Lead-shot ban pulled from state Senate bill

St. Paul – The Senate author of a proposal to require small-game
hunters to use nontoxic shot on public land in the state’s
agricultural region has put the brakes on the plan.

Saying it needs more study, Satveer Chaudhary, DFL-Fridley,
amended the proposal out of a larger omnibus bill last week. DNR
officials pushed the lead shot ban, which would have gone into
effect in 2011.

Dave Schad, DNR Division of Fish and Wildlife director, said he
was disappointed.

“We’re not leading the charge here,” Schad said. “There are 23
other states that already have developed nontoxic shot regulations
on state-managed land above and beyond what’s required for
waterfowl hunting.”

Chaudhary, though, believes the proposal needs to be fleshed out
further.

He supports the ban on toxic shot for waterfowl and managed dove
fields, but said additional study is needed to see how lead affects
upland game like grouse, pheasants, and rabbits.

“The DNR’s proposal has not considered these impacts, let alone
impacts on the land itself, the economic impact, disposal of unused
shells, whether tungsten and bismuth aren’t equally harmful, and
the time needed for hunters to get new guns,” Chaudhary said.

The agency’s proposal was the result of a 2006 report completed
by the Nontoxic Shot Advisory Committee; the participants included
representatives from the manufacturing and retail industries,
hunters, environment groups, and technical experts from other state
and federal agencies.

The group came up with five regulation options, including the
proposal the DNR eventually brought forward.

“That was a very broad-based group, and that was one of the
things they reached consensus on,” Schad said. “They all agreed
that at some point we need to phase out the use of lead.”

One of Chaudhary’s concerns was how a lead ban would affect jobs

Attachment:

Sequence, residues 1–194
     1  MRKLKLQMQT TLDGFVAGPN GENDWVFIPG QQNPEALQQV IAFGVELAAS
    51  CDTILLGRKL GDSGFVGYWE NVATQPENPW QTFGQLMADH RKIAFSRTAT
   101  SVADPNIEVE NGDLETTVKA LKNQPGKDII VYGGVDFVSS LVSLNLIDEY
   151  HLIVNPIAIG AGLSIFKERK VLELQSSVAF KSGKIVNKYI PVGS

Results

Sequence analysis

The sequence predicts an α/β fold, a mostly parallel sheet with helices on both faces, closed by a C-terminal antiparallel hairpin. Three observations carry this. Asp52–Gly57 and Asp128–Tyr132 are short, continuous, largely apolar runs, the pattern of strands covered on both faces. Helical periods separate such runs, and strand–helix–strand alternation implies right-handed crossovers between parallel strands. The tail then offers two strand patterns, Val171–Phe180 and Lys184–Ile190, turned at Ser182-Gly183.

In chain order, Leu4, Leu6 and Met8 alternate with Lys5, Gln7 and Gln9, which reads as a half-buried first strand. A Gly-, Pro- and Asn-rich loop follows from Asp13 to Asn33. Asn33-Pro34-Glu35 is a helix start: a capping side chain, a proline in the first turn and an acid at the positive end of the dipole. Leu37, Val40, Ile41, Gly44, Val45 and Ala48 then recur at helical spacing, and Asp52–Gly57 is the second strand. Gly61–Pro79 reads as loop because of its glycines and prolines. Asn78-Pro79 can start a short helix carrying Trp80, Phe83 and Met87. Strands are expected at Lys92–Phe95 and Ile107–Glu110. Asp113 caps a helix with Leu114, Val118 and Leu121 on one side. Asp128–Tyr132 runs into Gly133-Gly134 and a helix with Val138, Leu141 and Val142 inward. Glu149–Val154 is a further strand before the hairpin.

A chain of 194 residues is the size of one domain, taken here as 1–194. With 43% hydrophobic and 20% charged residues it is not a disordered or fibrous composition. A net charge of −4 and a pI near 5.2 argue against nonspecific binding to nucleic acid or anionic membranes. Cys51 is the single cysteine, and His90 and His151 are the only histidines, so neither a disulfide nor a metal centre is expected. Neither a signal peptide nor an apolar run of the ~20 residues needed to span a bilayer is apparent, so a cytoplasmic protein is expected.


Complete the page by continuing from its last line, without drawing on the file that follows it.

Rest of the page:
related directly or indirectly to outdoor industries. He singled
out Federal Cartridge in Anoka, which employs about 1,000 people.
More than a quarter of those jobs are directly related to producing
and distributing lead shot.

In a statement after the ban was dropped from the bill, Federal
Cartridge said: “Federal Cartridge has a long and successful
history of participating with state and federal wildlife agencies
to address scientifically based and validated data associated with
the responsible use of ammunition. We believe that the amendment
requiring the DNR to do more research is a responsible approach at
this time.”

The National Rifle Association opposed the ban. An NRA-Institute
for Legislative Action document from April 8 reads, in part: “Lead
alternatives are extremely expensive and have reduced capabilities,
which would only increase wounding rates of game animals. There has
been no science-based evidence that lead shot has been a problem in
Minnesota.”

The DNR will develop and present the necessary report to the
Legislature next year, but the lead ban could be implemented
without action from lawmakers through the administrative
rule-making process, which can be a lengthy one, but includes
public input.

DNR officials say the lead shot ban will simplify regulations
(nontoxic shot is required for waterfowl hunting, as well as for
small-game hunting on federal waterfowl production areas) and
reduce deposition of lead in or near wetlands on heavily hunted
public lands.

A lot of shot from hunters who aren’t hunting waterfowl is
ending up in wetlands, Schad said.

“We really do believe this was a very logical and very measured
approach to taking the next step in the regulation of lead,” he
said.

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